That right to know whether the food you eat contains GMOs — genetically modified organisms — is at the center of a multi-million dollar national fight between the food industry and consumer rights advocates.
Grocery trade groups and farmers who grow the crops say labels will only scare people needlessly and raise the price of food. Consumer advocates say everyone has the right to know whether they are eating something whose DNA was changed in a lab.
The scientific tweaks at the center of the debate are called genetic modifications. More than 400 million acres of genetically modified crops are grown in the world. The vast majority of corn, soy and cotton grown in the U.S. is genetically modified, or “GMO.”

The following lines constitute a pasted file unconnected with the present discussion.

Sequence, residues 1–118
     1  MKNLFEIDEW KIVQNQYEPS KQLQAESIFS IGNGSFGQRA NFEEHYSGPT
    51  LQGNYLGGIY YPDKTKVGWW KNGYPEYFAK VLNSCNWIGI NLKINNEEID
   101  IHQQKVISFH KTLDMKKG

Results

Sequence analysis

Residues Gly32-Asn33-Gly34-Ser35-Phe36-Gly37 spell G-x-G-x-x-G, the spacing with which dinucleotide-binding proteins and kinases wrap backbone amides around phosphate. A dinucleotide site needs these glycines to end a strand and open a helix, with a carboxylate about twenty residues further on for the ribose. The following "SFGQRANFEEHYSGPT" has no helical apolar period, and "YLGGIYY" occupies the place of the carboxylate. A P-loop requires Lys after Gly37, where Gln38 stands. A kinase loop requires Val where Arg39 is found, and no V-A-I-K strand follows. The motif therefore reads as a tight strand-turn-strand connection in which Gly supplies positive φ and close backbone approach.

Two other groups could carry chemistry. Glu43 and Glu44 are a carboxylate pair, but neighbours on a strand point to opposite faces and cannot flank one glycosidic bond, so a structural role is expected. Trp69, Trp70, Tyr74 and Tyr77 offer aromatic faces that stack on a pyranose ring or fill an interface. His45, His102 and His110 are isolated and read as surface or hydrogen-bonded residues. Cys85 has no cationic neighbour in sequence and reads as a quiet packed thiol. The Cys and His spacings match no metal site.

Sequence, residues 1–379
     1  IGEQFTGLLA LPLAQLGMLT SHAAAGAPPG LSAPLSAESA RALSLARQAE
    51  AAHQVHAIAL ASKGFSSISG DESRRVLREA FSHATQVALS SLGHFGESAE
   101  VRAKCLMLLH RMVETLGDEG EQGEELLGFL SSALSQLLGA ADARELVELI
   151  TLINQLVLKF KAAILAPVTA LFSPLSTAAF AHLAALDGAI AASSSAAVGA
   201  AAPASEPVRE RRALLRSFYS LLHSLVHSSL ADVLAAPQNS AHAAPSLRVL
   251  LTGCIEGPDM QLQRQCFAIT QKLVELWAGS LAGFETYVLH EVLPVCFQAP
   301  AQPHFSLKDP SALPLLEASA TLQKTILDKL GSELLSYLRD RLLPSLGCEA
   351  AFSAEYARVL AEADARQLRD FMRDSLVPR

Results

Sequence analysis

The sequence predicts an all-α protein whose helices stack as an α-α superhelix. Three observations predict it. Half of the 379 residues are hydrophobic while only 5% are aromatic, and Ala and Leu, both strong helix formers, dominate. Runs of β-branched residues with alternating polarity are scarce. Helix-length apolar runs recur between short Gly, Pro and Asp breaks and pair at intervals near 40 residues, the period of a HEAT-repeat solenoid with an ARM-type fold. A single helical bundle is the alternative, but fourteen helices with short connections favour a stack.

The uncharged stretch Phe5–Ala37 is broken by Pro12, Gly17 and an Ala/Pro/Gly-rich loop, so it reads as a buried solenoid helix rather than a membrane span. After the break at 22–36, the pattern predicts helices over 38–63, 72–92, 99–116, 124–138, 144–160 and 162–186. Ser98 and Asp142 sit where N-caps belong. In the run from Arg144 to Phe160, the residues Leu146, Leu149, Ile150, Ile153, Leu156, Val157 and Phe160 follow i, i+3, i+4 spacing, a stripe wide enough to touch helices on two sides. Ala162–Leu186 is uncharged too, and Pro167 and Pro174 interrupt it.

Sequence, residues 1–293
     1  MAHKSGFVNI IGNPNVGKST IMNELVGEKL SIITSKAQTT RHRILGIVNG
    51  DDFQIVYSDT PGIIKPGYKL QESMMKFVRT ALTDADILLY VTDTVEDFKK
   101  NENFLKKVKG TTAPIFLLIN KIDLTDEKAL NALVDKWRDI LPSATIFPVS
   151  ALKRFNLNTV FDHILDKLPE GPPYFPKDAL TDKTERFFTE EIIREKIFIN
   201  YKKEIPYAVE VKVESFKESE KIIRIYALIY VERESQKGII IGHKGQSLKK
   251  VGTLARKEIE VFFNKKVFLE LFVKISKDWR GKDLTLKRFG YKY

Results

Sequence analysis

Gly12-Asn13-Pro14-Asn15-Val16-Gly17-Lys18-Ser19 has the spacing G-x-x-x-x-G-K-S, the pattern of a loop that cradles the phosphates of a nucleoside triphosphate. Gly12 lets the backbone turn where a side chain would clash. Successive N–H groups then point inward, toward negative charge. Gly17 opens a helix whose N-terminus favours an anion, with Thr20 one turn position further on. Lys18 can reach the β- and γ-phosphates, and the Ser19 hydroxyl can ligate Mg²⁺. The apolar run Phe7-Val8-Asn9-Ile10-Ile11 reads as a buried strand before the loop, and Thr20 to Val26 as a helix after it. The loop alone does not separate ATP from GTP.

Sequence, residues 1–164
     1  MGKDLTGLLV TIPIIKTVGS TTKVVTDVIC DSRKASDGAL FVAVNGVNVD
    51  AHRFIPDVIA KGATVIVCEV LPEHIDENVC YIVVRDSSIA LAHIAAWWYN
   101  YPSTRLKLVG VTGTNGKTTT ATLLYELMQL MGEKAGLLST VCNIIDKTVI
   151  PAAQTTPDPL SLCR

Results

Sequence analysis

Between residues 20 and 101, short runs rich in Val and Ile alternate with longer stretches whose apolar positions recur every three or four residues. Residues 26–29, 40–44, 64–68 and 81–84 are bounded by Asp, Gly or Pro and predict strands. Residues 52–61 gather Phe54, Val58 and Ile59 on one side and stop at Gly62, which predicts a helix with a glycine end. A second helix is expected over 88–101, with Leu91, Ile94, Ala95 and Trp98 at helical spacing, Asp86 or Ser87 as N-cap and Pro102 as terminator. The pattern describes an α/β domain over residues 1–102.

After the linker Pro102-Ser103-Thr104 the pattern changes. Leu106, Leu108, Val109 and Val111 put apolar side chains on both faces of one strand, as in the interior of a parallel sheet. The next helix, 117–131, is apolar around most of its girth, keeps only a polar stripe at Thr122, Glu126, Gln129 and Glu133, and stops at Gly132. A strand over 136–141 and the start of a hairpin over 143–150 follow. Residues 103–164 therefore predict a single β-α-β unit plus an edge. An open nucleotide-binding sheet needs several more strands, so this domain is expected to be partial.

Sugar, too, often comes from GMO beet plants.
The fight over the right to know whether food is GMO came to New York this year and experts on both sides says it’s here to stay.
The ripples of a labeling law are unclear. A study by Cornell University professor William Lesser found that New York’s proposed law would raise a family’s grocery costs by an average of $500-a-year and cost manufacturers and grocers millions. (Critics point out that his research was funded by the Council for Biotechnology Information, an industry organization for the companies that develop GMO technologies).
Read the full, original article: GMO or no? Should labels be required on food with genetically modified ingredients?